If you want to start with fresh masa, you'll have to tap into the resources of a nearby tortilla factory (and this will be in easier in San Diego or Chicago than, say, Fairbanks).

So what to do if you really want to obey Stupak's laws but you don't want to track down fresh masa? Use masa harina, an instant flour made from dehydrated masa. Masa harina is to masa as Folger's coffee is to the real stuff, says Stupak, but it still makes a tortilla better than the packaged options.

More: How to make corn tortillas, no tortilla press needed.

Still, I was skeptical that I could do this myself. Though Stupak made it seem easy to make corn tortillas when I visited him at his restaurant, could I really do it myself at home? I borrowed a taco press from Kenzi, mixed 1 1/2 cups masa harina with 1 cup of water, and kneaded to rehydrate.

The first challenge was getting the mixture to be the right consistency. You want the masa to be malleable and moist, but not overly wet. The dry dough cracked and crumbled under the press, whereas the wet mixture stuck to the plastic and the pan.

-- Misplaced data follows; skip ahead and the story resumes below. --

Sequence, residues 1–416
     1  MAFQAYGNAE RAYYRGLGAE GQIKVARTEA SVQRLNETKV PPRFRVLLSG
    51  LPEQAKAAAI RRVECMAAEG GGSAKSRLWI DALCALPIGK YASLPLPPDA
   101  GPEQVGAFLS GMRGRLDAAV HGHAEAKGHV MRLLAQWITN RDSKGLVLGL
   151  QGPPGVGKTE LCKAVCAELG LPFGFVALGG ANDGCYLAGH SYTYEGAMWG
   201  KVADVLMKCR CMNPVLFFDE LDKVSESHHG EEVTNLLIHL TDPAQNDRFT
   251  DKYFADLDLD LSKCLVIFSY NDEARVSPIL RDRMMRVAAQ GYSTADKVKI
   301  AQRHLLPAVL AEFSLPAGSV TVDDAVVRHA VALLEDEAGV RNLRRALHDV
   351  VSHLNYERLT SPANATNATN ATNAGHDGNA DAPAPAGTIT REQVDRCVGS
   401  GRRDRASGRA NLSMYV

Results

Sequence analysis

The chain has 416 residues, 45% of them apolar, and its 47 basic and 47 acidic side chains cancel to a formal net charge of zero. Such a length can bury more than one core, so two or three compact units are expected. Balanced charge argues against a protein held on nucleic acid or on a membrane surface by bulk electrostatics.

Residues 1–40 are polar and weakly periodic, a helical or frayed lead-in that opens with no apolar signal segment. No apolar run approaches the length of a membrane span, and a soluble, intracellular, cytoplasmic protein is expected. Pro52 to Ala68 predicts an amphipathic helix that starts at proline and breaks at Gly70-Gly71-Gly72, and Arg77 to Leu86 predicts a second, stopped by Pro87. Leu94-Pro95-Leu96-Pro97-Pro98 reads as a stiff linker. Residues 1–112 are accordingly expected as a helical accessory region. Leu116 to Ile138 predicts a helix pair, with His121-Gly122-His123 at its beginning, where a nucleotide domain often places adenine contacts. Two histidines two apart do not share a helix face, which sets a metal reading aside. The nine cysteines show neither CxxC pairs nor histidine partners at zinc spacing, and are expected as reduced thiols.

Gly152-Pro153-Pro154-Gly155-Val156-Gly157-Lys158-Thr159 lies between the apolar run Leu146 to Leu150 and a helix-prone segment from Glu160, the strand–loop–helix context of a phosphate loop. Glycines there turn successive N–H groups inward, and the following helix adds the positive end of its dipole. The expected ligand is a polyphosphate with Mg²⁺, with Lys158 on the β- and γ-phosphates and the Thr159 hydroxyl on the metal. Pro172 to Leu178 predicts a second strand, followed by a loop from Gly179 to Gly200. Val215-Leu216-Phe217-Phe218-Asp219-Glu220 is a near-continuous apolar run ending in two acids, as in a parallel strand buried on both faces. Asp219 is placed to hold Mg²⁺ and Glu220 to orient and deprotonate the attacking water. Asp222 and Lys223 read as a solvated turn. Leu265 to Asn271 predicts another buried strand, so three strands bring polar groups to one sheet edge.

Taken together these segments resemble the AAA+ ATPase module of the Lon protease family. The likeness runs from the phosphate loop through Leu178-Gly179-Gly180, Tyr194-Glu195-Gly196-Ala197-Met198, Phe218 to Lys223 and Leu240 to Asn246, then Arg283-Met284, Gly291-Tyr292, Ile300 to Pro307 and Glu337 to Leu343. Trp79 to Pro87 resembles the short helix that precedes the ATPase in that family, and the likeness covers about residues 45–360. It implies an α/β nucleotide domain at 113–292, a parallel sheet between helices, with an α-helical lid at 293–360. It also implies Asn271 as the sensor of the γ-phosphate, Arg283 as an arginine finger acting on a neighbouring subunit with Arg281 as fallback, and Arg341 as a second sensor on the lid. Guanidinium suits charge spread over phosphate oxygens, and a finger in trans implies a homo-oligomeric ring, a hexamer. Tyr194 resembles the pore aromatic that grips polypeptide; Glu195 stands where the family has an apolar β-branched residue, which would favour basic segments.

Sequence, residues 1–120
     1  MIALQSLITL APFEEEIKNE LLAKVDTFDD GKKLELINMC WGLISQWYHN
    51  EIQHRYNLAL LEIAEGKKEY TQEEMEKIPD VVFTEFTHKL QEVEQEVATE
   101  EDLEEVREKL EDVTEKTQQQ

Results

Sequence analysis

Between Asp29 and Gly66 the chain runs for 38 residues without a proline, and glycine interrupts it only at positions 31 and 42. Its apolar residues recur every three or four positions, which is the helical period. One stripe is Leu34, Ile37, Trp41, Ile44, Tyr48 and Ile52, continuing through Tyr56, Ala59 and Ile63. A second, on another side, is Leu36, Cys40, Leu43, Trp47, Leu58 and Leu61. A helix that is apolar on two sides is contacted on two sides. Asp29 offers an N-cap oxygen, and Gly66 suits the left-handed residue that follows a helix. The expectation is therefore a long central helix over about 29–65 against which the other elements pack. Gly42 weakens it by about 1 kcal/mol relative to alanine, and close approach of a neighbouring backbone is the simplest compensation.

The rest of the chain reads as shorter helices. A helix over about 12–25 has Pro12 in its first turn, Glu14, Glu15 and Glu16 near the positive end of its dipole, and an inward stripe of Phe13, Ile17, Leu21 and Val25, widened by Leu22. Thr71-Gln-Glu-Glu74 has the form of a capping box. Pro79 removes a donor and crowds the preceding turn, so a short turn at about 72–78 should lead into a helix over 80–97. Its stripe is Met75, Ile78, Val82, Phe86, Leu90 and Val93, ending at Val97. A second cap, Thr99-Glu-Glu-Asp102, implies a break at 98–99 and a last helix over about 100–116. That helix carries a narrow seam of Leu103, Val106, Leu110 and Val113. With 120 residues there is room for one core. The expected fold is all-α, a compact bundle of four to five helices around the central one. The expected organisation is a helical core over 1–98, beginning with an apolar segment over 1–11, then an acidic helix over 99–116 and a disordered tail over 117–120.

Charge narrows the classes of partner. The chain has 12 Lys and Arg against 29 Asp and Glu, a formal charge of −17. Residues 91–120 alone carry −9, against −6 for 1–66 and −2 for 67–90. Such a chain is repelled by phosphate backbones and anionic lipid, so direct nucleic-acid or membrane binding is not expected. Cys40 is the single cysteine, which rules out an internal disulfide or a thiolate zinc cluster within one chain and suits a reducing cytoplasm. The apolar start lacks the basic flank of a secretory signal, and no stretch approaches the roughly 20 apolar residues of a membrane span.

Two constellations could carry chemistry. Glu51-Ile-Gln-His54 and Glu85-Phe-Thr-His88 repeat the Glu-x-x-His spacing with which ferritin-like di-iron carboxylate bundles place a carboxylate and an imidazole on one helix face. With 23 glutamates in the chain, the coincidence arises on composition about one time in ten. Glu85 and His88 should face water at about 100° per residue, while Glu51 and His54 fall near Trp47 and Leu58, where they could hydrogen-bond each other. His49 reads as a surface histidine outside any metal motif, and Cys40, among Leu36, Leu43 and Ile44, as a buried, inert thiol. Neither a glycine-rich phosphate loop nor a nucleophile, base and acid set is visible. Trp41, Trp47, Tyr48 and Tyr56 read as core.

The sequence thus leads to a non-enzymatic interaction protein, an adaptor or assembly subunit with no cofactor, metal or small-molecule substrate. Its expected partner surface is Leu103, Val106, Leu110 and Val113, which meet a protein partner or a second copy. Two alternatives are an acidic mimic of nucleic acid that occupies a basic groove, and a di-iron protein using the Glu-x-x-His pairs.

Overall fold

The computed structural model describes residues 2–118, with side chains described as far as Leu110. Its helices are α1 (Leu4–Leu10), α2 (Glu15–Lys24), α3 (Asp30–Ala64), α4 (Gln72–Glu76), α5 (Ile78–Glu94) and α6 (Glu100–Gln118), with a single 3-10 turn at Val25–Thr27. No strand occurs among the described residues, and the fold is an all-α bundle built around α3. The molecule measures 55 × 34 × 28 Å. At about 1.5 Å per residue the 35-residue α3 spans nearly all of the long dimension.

Using the tortilla press (left) and my set-up and some soup (right)


Once I got the moisture-level right, the next obstacle was controlling the heat of the skillets (yes, skillets multiple). For Stupak's recipe, you cook the tortilla first in a medium-high skillet (15 seconds on each side) and then you move it to a scorching hot skillet and cook it for 30 seconds, flip for 10 seconds, and then flip for a final 10 seconds.

If you've done it right, the tortilla will puff up dramatically once it moves to the hotter skillet. You will cheer and dance and attempt to take a video.

   
Tortilla in the medium-high pan (left) versus tortilla (puffing up!) in the hot-hot-hot pan (right)

 
Once I had cooked a few tortillas, I figured out a system with my roommate: As soon as I had moved the tortilla to the hotter pan, she would press the dough and lay it down into the cooler pan. 

We got into a groove until the magic stopped. With almost no warning signs, our dough stopped cooperating, no matter how much masa harina or water I added to try to achieve homeostasis. It cracked and stuck to the plastic and generally frustrated us. So we stopped and ate the earlier models instead.